Lokko’s approach marks a radical shift in the way the Biennale operates. It is an important contribution to the creation of true ‘zones of contact’: places of fruitful exchange between people who present different points of view. This replaces the old arbitrary hierarchies with a mutual respect for diversity.
This year’s event sparked controversy over the denial of visas to African architects. A good starting point for mutual respect is to truly enable everyone to participate and be present, by breaking down the barriers imposed by systemic inequality and xenophobic immigration policies.
What is shown
Of the 89, mostly young people, invited to this year’s fair, more than half are from Africa or the diaspora. They are carefully organized into the two main show sites, Giardini and Arsenale, and six divisions.
In the main wing, where the Force Major gallery sets the scene, a towering installation by Nigerian visual artist Olalekan Jeyifous captures images of African futurism. His images are powerful spatial metaphors for the relationship between architecture, communities, and the environment. and the need to repair the damage done by the former colonial powers.
In another room, the Nairobi-based Oral Archive by Cave Bureau celebrates the oral tradition of passing knowledge down the generations as a way to keep humans in community with the land. On the multimedia screen, three channels overlap. They feature conversations with cave-dwelling societies, sequences from the Anthropocene Museum, and drawings, maps, and models made across vast geological sites.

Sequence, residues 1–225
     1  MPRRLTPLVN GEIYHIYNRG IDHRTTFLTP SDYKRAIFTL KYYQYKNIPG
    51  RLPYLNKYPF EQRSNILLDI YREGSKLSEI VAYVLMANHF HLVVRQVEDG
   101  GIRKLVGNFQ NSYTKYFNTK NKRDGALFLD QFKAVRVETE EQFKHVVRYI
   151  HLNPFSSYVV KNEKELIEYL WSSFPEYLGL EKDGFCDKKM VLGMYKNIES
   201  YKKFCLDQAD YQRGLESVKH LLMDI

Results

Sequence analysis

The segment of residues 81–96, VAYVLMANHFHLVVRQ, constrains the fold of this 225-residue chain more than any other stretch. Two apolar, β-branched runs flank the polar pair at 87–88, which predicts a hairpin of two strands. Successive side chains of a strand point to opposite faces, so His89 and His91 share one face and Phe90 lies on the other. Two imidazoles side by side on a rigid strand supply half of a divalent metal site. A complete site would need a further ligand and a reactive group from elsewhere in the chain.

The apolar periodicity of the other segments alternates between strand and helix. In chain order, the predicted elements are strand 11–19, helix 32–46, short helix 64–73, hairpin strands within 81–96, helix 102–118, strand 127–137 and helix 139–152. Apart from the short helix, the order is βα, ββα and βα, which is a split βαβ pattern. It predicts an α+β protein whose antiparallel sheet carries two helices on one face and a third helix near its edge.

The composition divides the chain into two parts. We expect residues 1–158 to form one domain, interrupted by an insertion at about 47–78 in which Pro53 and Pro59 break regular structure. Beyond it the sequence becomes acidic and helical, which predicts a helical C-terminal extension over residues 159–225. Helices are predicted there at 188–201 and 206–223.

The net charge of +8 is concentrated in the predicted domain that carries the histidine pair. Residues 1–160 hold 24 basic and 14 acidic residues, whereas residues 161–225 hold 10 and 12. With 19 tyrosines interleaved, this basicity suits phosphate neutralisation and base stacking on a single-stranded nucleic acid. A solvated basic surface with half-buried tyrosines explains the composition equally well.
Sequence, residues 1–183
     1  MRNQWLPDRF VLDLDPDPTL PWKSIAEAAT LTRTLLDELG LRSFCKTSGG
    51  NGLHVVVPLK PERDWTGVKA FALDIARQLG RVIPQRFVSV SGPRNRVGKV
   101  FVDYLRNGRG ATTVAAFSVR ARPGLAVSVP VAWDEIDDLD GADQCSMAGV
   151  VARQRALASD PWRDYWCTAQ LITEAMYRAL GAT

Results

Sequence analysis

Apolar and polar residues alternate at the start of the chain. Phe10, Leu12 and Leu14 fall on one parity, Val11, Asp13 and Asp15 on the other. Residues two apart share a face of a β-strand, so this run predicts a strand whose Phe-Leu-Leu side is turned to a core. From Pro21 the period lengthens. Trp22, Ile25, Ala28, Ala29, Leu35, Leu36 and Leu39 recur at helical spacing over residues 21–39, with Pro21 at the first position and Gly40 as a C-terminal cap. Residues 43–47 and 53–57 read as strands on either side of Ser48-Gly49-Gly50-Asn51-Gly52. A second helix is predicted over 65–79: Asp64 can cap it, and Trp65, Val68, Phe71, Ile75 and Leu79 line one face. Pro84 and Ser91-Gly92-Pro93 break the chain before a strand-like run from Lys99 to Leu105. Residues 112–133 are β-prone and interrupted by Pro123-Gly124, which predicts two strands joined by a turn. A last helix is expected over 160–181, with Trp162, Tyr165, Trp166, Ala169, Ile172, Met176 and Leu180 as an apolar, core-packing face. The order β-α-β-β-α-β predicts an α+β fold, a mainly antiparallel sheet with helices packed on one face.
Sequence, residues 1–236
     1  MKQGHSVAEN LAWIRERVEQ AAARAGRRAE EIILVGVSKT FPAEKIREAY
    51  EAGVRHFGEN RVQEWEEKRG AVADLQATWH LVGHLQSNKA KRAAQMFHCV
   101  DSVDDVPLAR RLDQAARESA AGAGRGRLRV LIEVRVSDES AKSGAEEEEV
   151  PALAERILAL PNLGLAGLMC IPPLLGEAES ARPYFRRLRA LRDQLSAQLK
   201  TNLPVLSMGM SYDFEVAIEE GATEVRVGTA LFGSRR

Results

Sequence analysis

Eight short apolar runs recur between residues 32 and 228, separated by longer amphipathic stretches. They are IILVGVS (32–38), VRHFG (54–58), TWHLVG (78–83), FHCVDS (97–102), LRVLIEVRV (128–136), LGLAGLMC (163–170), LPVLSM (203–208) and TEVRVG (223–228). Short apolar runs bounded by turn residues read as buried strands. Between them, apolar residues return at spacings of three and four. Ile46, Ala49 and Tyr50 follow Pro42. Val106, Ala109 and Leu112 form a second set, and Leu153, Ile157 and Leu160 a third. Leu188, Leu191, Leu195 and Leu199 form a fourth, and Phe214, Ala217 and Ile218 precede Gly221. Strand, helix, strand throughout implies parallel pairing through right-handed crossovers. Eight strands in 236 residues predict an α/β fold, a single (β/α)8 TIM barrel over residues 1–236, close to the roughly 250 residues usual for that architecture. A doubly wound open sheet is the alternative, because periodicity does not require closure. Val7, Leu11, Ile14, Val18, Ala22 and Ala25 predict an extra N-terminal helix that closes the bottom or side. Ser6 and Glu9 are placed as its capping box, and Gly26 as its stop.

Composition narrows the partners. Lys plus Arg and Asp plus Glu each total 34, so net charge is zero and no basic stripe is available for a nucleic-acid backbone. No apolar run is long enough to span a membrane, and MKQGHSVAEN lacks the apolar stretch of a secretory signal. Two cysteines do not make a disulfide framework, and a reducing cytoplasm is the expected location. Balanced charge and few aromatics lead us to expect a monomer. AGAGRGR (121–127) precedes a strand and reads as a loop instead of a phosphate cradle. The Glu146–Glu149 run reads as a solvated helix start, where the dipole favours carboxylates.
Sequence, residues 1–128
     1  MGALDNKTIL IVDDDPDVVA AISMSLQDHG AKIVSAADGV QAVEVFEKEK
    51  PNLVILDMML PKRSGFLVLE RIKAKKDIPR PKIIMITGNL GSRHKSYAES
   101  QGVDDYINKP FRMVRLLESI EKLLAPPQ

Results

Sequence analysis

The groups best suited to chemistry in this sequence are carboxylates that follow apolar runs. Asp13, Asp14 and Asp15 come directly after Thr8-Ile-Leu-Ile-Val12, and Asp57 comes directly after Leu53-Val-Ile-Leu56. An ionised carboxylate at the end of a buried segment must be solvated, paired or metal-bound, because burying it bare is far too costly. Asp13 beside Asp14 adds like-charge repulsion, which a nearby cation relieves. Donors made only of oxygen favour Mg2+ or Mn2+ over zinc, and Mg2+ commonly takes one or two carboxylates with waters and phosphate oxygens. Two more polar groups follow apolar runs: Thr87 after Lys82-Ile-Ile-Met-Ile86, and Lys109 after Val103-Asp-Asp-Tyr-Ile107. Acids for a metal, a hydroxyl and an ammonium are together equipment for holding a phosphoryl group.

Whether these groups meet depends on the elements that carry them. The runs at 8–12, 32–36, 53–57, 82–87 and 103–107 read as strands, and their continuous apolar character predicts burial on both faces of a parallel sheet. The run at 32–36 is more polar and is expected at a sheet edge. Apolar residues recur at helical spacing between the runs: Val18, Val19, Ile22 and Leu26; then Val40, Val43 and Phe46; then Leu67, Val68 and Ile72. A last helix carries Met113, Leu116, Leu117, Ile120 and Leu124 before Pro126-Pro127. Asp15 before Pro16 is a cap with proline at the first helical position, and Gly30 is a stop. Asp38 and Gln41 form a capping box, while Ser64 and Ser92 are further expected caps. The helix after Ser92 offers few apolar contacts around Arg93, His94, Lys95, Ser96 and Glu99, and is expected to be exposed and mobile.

Focus on two of Lokko’s overarching biennial themes – decolonization and decarbonization – can also be found in Arsenale’s long, and at times uneven, sequence. Here the Serious Relationships section intertwines with the Coordinator’s special projects titled Food, Agriculture and Climate Change; gender and geography; mnemonic; and future guests.
The artificial landscapes of Nigerian-born film producer and director Michael Oydememo are presented here. A material land made of clay and polluted by global capitalism is being transported from Port Harcourt in Nigeria to Venice. It is a springboard for imagining the future, displayed through AI-generated images on the ceiling.
Congolese artist and photographer Sami Balogi expertly deconstructs the official narrative of colonial occupation, suggesting a vision of architecture and the human body as monuments of social history. This is done by showing an old colonial Belgian documentary that is poetically intertwined with film footage captured today.
What does this all mean
The 2023 Venice Architecture Biennale is an important and complex edition with a necessary message. One can only hope that the event will continue the process of decolonization initiated by Loko after years of non-confrontation, comparison and exchange of different positions.
A radical rethinking of the Biennale and the (architectural) world in general is long overdue. We need a different future. Enter the blue hour. DM
The biennial opened to the public on May 20 and runs until November 26.
It was first published by The Conversation.
Toma Berlanda is Professor of Architecture at the University of Cape Town.
This story first appeared in Our Weekly 168 newspaper, which is available nationwide for R29.